The screenshots showing a woman with a bow were quite inspiring and one of the reasons I became really interested in the game. Prehistoric books, games, movies and TV often heavily enforce the notion of hard and strict gender roles in ancient society: Men are warriors, hunters and artisans. Women mothers, gatherers and perform domestic functions. Luckily, this out-of-date notion isn’t really supported by the evidence. Examining inhumation (burials) at Neolithic sites has revealed that many aspects of life were not always gender-specific or that the gender specificity of roles varied by peoples and cultures.
(This looks like a great start!!!)
Examination of those inhumed at many sites, e.g. Çatalhöyük (Haddow, S. (2016). Çatalhöyük), have shown the presence of a rather egalitarian society (this is based off of the burial objects, position within the settlement, and a general analysis of the probably health of the individual, based off of their remains). While such examples are hardly conclusive of the entirety of the Neolithic, it brings up the question of gender roles within the game. It may be reasonable to assign all forms of task to all genders, rather than “man tasks” or “woman tasks.”
Beyond opening up most tasks to being non-gender specific, I would also consider the inclusion of woman in defense and even offensive roles. They have as much of a stake in the defense of their village as the men and a typical neolithic woman could likely handle a bow or club just fine, given a life exposed to such implements. The idea of a female warrior or hunter is not actually a new concept. Female warriors have existed throughout time and are documented in recorded history, though regrettably, little mention of them is often made. Many cultures have featured proud female warriors, such as the Scythians, Picts, Iranians, general Celtic Peoples, and a host of other groups. Sometimes these women were special people who rose above the general roles of women, and sometimes their respective cultures allowed for women to generally attain such posts.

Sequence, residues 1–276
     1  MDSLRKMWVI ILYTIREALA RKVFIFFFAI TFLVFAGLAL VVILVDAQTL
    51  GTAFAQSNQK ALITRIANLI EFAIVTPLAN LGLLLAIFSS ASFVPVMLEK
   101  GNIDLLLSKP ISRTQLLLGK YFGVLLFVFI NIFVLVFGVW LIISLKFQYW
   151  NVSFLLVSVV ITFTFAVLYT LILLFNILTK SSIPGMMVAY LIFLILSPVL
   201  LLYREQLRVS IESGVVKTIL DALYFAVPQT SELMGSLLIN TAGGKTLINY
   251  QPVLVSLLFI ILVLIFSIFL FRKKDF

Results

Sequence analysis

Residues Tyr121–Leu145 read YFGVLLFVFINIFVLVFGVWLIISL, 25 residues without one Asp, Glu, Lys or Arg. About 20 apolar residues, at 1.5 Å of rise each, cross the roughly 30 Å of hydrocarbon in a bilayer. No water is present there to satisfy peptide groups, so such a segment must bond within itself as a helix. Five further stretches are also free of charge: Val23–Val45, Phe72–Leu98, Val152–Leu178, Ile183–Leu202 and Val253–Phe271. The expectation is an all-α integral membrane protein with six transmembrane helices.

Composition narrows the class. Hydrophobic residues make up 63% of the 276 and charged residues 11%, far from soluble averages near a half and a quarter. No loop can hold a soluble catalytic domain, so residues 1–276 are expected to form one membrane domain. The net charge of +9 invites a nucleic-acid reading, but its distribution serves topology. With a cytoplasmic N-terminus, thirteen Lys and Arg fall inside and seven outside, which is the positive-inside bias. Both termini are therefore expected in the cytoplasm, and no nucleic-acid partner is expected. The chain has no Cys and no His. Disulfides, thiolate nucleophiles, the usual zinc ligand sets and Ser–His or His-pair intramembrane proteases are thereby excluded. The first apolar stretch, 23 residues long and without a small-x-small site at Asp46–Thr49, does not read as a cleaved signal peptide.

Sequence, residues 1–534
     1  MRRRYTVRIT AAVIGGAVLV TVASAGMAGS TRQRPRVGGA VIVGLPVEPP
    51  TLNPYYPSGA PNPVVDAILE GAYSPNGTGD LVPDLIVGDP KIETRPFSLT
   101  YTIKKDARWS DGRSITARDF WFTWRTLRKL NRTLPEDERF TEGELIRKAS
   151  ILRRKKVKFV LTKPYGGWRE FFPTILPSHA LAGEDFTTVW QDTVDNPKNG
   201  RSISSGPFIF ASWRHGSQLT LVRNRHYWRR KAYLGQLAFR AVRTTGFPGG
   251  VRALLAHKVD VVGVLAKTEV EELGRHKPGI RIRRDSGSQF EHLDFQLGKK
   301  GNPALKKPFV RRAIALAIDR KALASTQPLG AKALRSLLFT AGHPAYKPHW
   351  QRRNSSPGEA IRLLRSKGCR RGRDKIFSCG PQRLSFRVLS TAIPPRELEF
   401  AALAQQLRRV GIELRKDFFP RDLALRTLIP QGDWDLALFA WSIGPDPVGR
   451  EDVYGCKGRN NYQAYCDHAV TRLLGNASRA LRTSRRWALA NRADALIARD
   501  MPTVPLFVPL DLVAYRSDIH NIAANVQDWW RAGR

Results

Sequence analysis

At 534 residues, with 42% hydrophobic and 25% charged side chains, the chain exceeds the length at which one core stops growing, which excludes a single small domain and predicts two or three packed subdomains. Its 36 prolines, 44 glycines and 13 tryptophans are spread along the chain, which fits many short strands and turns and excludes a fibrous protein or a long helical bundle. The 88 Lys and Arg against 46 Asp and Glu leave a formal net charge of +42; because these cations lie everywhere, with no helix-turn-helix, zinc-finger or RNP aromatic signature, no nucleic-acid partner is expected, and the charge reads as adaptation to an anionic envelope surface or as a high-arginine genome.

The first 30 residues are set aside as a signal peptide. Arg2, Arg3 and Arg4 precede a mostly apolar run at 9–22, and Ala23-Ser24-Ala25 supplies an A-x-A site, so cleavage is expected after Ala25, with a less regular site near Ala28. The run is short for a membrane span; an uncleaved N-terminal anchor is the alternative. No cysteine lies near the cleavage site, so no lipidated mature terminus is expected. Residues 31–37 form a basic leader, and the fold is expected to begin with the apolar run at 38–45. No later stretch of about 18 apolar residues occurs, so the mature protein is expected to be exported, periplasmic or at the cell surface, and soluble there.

In the early Neolithic period of Europe, dedicated warriors were probably not very common given the overall lack of significant fortified dwellings at the beginning of the period, though it is likely, some warriors did exist. The role of tribal defense was probably the job of hunters, mostly men. It is possible that some women may have attained the social rank of a hunter or even warrior in some individual cases. Though no body of evidence of this exists, the possibility may be inferred from the general existence of such practices within the descendants of the same Neolithic peoples, in later times.
Haddow, S. (2016). Çatalhöyük 2016 Archive Report. [ebook] Çatalhöyük Research Project, p.142. Available at: http://www.catalhoyuk.com/sites/default/files/media/pdf/Archive_Report_2016.pdf [Accessed 10 Jul. 2017].